BEIRUT (Reuters) - Rockets fired by Hizbollah guerrillas killed eight people in the Israeli city of Haifa on Sunday and bombs shook Beirut as Israel pursued a five-day-old assault in Lebanon aimed at crippling the Shi'ite Muslim group.
It was Hizbollah's deadliest rocket strike in at least 10 years and the highest death toll in Israel since 11 people were killed in a suicide bomb blast in Tel Aviv in April.
Israeli Prime Minister Ehud Olmert said Hizbollah's actions would have "far-reaching" consequences for Lebanon.
Hizbollah said the attack was retaliation for Israel's killing of civilians and destruction of Lebanese infrastructure.
"After the Zionist enemy exceeded all limits killing and destroying ... the Islamic Resistance announces that it bombarded the city of Haifa with dozens of Raad 2 and Raad 3 rockets at 9 a.m. (0600 GMT)," Hizbollah said in a statement.
Israeli medics said more than a dozen people had also been wounded in Haifa, Israel's third largest city. It was hit by at least five rockets, including one that struck a train station.
Israel's campaign in Lebanon, launched after Hizbollah captured two Israeli soldiers and killed two on Wednesday, has drawn only a mild plea for restraint from the United States, which blames Hizbollah and its allies, Syria and Iran.
U.S. President George W. Bush, speaking at a G8 summit in Russia, characterised Israel's actions as self-defence and did not back Lebanon's pleas for an immediate ceasefire.
"Our message to Israel is defend yourself but be mindful of the consequences, so we are urging restraint," said Bush, who has blamed Hizbollah for the conflict in Lebanon.
Bombs crashed into Beirut's Shi'ite Muslim southern suburbs in overnight raids which set fire to Hizbollah's al-Manar television complex and nearby buildings, witnesses said. The station's signal twice disappeared briefly before returning.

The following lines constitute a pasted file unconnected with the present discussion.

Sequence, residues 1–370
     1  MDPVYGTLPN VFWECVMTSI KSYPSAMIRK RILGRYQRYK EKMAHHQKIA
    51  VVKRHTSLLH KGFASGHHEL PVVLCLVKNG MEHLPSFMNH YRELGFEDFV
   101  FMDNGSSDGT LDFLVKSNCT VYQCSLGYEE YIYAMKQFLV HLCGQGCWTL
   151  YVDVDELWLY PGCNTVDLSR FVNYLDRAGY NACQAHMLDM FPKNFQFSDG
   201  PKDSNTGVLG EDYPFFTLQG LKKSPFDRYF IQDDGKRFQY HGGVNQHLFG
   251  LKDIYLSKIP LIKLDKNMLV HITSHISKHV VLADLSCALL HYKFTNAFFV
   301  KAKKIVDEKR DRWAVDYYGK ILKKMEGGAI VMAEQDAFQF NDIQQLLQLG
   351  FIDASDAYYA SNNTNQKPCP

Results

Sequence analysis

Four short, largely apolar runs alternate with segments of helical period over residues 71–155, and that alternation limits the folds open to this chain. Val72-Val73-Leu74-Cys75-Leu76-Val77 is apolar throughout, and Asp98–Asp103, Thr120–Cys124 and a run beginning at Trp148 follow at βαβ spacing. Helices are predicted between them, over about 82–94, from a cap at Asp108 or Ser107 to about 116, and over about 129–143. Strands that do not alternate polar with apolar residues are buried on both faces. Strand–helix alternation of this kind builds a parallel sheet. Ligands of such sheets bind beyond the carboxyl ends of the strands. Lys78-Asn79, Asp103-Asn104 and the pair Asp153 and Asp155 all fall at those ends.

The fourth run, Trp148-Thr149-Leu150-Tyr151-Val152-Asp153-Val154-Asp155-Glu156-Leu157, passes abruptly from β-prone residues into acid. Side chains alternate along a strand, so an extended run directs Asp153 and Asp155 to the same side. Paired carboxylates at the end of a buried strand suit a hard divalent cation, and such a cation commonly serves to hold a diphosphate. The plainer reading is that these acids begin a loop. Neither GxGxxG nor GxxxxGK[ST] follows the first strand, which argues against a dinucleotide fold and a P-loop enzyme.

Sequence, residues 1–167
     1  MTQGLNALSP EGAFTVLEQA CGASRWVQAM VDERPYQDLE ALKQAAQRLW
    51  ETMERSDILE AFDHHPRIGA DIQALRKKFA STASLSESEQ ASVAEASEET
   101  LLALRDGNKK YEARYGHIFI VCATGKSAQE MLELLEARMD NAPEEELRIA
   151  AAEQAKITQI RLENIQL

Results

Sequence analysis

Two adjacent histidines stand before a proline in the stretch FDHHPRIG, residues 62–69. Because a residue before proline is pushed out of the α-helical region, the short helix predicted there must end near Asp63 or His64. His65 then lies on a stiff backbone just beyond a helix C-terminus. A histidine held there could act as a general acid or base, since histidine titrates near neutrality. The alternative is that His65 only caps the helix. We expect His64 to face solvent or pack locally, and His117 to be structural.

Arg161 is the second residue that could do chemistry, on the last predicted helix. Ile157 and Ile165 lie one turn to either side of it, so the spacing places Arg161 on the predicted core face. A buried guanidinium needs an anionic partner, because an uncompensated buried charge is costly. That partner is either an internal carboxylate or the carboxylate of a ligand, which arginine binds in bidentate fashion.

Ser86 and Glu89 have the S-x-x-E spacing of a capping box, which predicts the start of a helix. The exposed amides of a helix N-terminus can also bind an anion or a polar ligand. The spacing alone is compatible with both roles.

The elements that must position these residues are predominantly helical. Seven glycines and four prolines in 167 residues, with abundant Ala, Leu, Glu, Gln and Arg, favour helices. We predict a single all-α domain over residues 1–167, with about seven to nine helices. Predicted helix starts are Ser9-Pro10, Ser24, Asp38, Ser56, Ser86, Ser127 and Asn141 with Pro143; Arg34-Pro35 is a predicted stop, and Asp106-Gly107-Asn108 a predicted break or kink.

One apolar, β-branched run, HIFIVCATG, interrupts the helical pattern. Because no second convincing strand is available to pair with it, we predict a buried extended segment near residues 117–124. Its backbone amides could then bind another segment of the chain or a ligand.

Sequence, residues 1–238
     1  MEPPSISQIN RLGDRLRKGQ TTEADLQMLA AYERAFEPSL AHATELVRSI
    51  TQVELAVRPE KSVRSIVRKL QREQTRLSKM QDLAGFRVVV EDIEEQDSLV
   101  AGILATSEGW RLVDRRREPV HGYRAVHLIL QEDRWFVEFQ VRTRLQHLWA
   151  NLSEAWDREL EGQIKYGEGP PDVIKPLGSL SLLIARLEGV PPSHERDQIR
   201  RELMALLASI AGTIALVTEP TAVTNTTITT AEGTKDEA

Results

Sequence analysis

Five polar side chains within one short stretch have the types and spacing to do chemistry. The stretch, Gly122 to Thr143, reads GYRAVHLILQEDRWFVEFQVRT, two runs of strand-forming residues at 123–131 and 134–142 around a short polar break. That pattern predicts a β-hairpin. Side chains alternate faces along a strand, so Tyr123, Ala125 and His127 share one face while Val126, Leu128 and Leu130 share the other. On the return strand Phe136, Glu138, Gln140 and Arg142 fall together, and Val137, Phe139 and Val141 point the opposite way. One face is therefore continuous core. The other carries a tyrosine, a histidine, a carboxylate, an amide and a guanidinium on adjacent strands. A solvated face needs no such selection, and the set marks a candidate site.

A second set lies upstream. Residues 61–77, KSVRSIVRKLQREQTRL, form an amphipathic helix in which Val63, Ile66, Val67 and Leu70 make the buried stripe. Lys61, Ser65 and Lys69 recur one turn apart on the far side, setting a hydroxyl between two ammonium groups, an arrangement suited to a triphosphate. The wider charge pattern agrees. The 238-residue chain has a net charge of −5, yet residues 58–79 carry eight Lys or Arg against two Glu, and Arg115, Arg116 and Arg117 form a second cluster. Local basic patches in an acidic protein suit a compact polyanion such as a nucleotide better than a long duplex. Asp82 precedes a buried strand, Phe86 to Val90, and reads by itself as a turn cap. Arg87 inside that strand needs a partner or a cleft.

The United States earlier blocked any move by the U.N. Security Council to demand a ceasefire, saying the focus for diplomacy should be on the summit in St Petersburg.
French President Jacques Chirac called for a ceasefire and "a show of moderation". British Prime Minister Tony Blair said the way to calm the violence was to tackle the reasons behind it, blaming Hizbollah and its allies Syria and Iran.
Israel's onslaught, which has killed more than 100 people, all but four of them civilians, is meant to force Lebanon to dislodge Hizbollah from its southern border strongholds.
The casualties in Haifa brought to 12 the number of people killed in northern Israel by hundreds of Hizbollah rockets that have rained down in the past five days.
In another statement, Hizbollah threatened to attack Haifa's petrochemical plants if Israel continued to "commit follies".
Israel's bombing campaign, which has laid waste to Lebanon's vital installations, is its most destructive assault since a 1982 invasion to expel Palestinian guerrillas.
Israel has said Lebanon must implement a U.N. resolution demanding the disarming of Hizbollah, a Shi'ite group formed in 1982 to fight an Israeli occupation that lasted 22 years.
But the Beirut government, led by an anti-Syrian coalition, lacks the unity and firepower to tackle Hizbollah, the only Lebanese faction to keep its guns after the 1975-90 civil war.
Hizbollah has said it wants to swap the two captured Israeli soldiers with Lebanese and Arab prisoners in Israel's jails.
The campaign in Lebanon coincided with an offensive Israel launched in the Gaza Strip on June 28 to try to retrieve another captured soldier and halt Palestinian rocket fire.
Israel widened the assault on Sunday, killing a Palestinian civilian in southern Gaza and three militants in the north.
The operation has piled pressure on the Palestinian government led by Hamas, which demands a prisoner swap for the Israeli corporal.
Israeli armour, backed by helicopters firing machineguns, moved in darkness into farmland near Beit Hanoun, as militants blew up hidden bombs and fired anti-tank grenades.
Three gunmen were killed in an Israeli air strike. At least 10 Palestinians were wounded in that and other air attacks.
Israeli troops had pulled out of the northern Gaza Strip a week earlier after a major raid into the territory, which Israel abandoned in 2005 after a 38-year occupation.
(Additional reporting by Nidal al-Mughrabi in Gaza, the Jerusalem bureau, Irwin Arieff in New York, David Clarke, Steve Holland and Sophie Louet in St Petersburg)
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